Some of the boards need a 3.6864MHz source. This frequency must be magic because I often end up using it !
For another project, I gathered all the parts (in ample quantity) that make a discrete oscillator :
- 20pf cap
- 6-20pf adjustable cap
- 1M Ohms feedback resistor
- Fairchild NC7ST04 inverter gate
- Abracom 3.6864 MHz Xtal
This project does not need an extremely accurate clock, asynchronous serial links can accept up to 1% drift, so the adjustable cap is not used here. I'll just make sure it oscillates in the expected frequency range, determined by my not so sophisticated tools' precision.
The NC7ST04 is similar to HCMOS and draws less than 10µA (1µA typical) so it's "low power" though it is rated for 5V supplies. Will it still work at 3.3V ?
I'll use the standard Pierce topology https://en.wikipedia.org/wiki/Pierce_oscillator with help from Fairchild's application note www.fairchildsemi.com/an/AN/AN-340.pdf A tl;dr version is also found at http://www.z80.info/uexosc.htm
(Note: I should probably have used a HCU part instead, such as TI's special single-gates with 2 outputs, however I have to adapt to "eBay luck": I got a whole reel of this low-power inverter for a very good price so it's like I have a lifetime supply of this part for a marginal cost, unlike TI's more expensive parts)
My bias resistor is 1M instead of the Fairchild-recommended 10M but the above picture says it's not important (it might just increase the startup time, I suppose).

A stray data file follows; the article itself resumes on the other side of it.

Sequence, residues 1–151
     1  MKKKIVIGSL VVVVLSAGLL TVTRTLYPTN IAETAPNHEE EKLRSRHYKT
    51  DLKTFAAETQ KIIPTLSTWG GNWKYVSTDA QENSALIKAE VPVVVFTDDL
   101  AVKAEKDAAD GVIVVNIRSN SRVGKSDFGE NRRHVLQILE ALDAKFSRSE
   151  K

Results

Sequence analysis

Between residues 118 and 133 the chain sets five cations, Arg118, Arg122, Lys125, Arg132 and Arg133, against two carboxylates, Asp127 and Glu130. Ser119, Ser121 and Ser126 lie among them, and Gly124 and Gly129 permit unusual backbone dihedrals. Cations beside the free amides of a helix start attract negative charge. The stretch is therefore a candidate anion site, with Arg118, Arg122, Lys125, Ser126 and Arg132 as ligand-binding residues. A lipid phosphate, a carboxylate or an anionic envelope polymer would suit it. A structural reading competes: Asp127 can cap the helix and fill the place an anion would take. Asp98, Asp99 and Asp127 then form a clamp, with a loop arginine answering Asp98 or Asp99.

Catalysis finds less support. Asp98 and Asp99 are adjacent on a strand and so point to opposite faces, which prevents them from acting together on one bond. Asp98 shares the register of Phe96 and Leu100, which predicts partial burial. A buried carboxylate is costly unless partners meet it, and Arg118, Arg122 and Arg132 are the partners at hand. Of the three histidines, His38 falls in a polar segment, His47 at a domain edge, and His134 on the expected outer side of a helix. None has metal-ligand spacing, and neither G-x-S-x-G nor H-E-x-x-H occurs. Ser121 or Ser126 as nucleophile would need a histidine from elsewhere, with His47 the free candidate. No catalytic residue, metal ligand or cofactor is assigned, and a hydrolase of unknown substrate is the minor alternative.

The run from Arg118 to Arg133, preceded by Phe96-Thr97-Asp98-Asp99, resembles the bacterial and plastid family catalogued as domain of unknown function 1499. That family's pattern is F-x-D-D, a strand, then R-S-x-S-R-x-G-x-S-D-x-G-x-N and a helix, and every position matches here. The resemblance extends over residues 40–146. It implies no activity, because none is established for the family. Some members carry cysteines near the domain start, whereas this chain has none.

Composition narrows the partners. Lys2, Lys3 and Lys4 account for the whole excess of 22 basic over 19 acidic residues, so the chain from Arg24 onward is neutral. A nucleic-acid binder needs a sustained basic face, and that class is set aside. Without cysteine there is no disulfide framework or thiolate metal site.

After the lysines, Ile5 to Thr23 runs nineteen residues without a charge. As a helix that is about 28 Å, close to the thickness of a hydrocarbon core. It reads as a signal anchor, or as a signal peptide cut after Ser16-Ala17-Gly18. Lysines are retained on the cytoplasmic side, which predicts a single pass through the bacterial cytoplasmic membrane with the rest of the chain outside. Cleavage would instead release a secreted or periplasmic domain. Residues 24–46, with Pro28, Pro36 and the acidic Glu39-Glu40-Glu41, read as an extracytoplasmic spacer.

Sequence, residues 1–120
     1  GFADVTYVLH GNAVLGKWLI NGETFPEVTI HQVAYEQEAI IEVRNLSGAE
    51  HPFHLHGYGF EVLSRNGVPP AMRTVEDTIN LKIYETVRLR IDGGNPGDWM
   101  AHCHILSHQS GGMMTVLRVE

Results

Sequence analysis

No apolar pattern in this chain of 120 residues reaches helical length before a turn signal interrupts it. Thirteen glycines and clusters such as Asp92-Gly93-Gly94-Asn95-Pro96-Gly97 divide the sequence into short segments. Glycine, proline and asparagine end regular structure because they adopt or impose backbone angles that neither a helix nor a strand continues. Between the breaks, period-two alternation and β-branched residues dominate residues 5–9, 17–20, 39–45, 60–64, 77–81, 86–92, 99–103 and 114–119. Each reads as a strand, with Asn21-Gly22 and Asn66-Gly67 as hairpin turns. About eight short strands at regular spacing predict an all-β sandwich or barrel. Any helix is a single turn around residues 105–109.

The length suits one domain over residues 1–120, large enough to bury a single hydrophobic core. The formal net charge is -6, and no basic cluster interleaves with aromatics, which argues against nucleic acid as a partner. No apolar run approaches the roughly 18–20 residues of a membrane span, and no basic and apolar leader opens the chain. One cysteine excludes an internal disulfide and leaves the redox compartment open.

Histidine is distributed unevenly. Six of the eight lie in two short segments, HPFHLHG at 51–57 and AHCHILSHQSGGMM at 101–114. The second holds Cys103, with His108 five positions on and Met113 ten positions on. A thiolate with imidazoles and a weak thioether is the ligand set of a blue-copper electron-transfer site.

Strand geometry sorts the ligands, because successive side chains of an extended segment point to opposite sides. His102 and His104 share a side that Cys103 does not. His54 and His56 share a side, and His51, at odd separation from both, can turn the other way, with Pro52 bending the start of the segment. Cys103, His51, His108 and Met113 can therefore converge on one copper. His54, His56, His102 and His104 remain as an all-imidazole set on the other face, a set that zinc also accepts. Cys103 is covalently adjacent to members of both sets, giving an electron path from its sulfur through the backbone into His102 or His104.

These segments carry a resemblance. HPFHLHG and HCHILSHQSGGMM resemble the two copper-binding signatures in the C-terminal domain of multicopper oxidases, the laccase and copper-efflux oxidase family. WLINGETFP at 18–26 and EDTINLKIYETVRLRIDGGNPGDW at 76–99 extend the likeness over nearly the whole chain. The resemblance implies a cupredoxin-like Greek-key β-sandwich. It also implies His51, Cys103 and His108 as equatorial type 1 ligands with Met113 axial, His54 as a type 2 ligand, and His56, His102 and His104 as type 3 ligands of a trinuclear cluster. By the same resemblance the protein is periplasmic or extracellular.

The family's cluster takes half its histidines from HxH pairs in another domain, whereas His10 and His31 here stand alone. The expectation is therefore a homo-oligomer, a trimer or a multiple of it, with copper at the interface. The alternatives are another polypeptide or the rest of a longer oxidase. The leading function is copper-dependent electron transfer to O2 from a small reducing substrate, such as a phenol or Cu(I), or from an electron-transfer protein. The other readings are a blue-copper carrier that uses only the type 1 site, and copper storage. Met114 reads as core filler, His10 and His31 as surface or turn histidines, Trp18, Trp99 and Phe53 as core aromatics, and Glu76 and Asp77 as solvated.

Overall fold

The series resistor would be in the 10K Ohms range, since the following design uses an unbuffered gate, R2 can be increased (this further shields the loop from external capacitances and transients).
So Rf=1M, R2=24K, Ca=Cb=20pf... Let's see how it works in practice :-)
The parts are not very visible but they are all there :
The oscilloscope shows that it works but the waveform should not be considered accurate (lousy probes, lousy scope bandwidth...)
Some measurements :
- The circuit resonates (catches the fundamental) at around 1.8V (2V is safe).
- My crude frequency meter says "3.69MH" so it is well in the 1% ballpark.
- Current @3.3V : 1.6mA, 5V: 2.6mA (10× better than more expensive canned oscillators)
Conclusion : success !
Bonus points : cheap, no black box, surface mount, easy sourcing of the parts...
I added a couple of buffers to totally decouple the ocillator and keep it undisturbed. More buffers might be added if/when needed, probably one per board.
It seems that the output resistor R2 is too high, or something like that. I reduced it to 200 Ohms to get a half-decent waveform. I don't know if it's my 'scope or my probes or the resistors ?
OK it was the probe. It turns out, X10 mode gives a much better waveform. 2K2 is fine as long as the output is very lightly loaded.
This little experience shows again that clock buffers are really required. Given the higher value of R3, R2 might even be useless if the buffers are less than one cm away.
By the way here is the circuit before I soldered the supplies and the quartz.